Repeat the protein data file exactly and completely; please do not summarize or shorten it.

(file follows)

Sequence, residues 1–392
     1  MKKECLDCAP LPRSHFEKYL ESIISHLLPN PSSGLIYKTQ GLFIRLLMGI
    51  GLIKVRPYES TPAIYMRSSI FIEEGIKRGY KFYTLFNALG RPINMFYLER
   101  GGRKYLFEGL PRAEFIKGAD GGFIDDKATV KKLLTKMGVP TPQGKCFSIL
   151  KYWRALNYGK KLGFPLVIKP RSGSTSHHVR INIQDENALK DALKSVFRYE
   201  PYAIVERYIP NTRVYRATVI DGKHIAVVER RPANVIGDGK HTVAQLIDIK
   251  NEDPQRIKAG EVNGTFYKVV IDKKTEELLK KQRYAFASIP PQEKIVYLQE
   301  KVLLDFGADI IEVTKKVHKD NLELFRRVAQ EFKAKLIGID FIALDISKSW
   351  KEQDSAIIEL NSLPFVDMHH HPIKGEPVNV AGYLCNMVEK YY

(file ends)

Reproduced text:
Sequence, residues 1–392
     1  MKKECLDCAP LPRSHFEKYL ESIISHLLPN PSSGLIYKTQ GLFIRLLMGI
    51  GLIKVRPYES TPAIYMRSSI FIEEGIKRGY KFYTLFNALG RPINMFYLER
   101  GGRKYLFEGL PRAEFIKGAD GGFIDDKATV KKLLTKMGVP TPQGKCFSIL
   151  KYWRALNYGK KLGFPLVIKP RSGSTSHHVR INIQDENALK DALKSVFRYE
   201  PYAIVERYIP NTRVYRATVI DGKHIAVVER RPANVIGDGK HTVAQLIDIK
   251  NEDPQRIKAG EVNGTFYKVV IDKKTEELLK KQRYAFASIP PQEKIVYLQE
   301  KVLLDFGADI IEVTKKVHKD NLELFRRVAQ EFKAKLIGID FIALDISKSW
   351  KEQDSAIIEL NSLPFVDMHH HPIKGEPVNV AGYLCNMVEK YY